How to sell your home to a family member off-market

Why selling your home to family or friends is different—and how you can prepare for a smooth transaction

Most home sales take place between two strangers who have not previously met. In these arms’ length transactions, two or more unaffiliated parties agree to do business in their own self-interest. 

When you sell to family or friends, the transaction will likely take place off the open market, which draws more attention and scrutiny from regulators. And if you sell for less than the fair market value on the open market, the IRS will implement a gift tax on the sale that the seller is responsible for paying. 

Sign up with Flyhomes to get an expert real estate agent to help you navigate the nuances of selling to a family member.

Key Takeaways:

  • Selling to a family member requires additional tax documentation that isn’t otherwise required 
  • Providing a family member with a substantial discount on the home is considered a gift of equity 
  • Hiring a home inspector and appraiser will help determine your home’s market value, which is used to calculate your gift of equity 
  • You can sell your home for whatever price you’d like, as long as you understand the tax implications at play 

Should I sell to a family member? 

When you sell to family, you’re at peace knowing the home you’ve made countless memories in will stay in the family and be cared for appropriately. It could also provide your children or grandchildren the stability they need to begin their adult lives.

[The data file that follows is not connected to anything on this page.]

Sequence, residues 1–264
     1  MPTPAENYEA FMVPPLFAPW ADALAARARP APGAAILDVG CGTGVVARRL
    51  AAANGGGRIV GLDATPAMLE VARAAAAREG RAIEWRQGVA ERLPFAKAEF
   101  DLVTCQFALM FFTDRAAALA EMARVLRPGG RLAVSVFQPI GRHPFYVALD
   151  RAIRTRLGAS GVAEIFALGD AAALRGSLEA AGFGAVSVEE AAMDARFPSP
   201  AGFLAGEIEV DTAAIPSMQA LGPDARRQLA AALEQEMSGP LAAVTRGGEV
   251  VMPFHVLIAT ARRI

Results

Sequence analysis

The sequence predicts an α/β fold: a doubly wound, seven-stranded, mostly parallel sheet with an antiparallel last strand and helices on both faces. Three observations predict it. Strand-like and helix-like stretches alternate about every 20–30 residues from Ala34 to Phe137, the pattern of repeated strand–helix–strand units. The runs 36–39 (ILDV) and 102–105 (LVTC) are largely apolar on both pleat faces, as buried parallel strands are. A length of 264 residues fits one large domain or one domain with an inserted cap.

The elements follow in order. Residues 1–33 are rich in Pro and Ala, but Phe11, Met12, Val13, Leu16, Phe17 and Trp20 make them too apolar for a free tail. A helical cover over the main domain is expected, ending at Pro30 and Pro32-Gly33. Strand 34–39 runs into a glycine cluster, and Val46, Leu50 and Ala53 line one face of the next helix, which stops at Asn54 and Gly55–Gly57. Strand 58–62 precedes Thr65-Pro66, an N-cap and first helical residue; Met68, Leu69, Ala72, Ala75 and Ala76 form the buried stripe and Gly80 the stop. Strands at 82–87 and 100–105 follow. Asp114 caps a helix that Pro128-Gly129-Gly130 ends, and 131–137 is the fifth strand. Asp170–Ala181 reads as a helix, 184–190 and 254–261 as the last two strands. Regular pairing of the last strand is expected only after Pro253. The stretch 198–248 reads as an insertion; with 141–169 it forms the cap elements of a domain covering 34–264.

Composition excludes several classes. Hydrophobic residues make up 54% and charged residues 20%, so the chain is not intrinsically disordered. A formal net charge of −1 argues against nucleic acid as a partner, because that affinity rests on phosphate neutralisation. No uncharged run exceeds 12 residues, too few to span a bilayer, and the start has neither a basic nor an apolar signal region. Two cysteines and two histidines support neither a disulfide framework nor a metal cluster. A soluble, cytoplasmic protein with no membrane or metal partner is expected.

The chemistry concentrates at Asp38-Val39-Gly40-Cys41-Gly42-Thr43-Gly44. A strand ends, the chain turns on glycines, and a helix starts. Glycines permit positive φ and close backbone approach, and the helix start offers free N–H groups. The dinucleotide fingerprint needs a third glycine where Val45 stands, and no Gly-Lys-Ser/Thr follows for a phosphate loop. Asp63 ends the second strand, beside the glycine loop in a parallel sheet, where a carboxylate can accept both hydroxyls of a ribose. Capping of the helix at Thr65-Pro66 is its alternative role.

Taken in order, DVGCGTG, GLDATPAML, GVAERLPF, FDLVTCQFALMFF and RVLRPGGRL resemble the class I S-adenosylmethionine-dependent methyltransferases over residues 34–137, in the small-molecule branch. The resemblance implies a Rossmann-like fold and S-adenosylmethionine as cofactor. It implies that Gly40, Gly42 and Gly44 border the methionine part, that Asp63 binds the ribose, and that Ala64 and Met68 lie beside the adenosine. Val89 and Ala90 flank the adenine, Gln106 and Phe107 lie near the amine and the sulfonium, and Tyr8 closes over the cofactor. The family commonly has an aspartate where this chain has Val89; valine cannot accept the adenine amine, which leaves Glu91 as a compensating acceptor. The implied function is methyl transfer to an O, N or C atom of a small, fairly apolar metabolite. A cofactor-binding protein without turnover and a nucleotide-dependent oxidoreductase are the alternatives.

However, for all the benefits of selling to a loved one, the drawbacks are related mainly to taxes and regulations. Both parties should consider all of the following before moving forward with the transfer of ownership:

  • Likely, you won’t make as much money as you would if you list on the open market 
  • Failing to report (or misreporting) the transaction could raise red flags with the IRS, creating a tax liability for either party in the future 
  • Should anything go array, the personal relationship between buyer and seller could become strained 

How is selling to a relative different? 

The government and third-party service providers treat real estate transactions differently depending on the relationship between the buyers and sellers. 

When you sell your home to someone with whom you don’t have personal ties, it’s considered an arm’s length transaction. Both parties enter a purchase agreement free and independent of each other, with each party looking to acquire the best deal for themselves. The expectation is that both the buyer and seller will negotiate to secure the best possible deal for themselves. The appraisal determines the home’s market value, guiding the listing and sale price. 

When you’re selling to someone you already know off the open market, it’s considered a non-arm’s length transaction or controlled transaction. The parties involved agree on a purchase price independent of typical market conditions. 

Suppose you sell the home for a considerable amount beneath market value. In that case, the IRS considers this a taxable gift, and you must report it on your disclosure forms during the sale.

For example, selling your home to your niece for a flat fee of $1 will require additional documentation to explain why you sold the home at that price. 

Non-arm’s length transactions aren’t necessarily between family members. Any two people with an existing personal or business relationship could agree to this kind of transaction.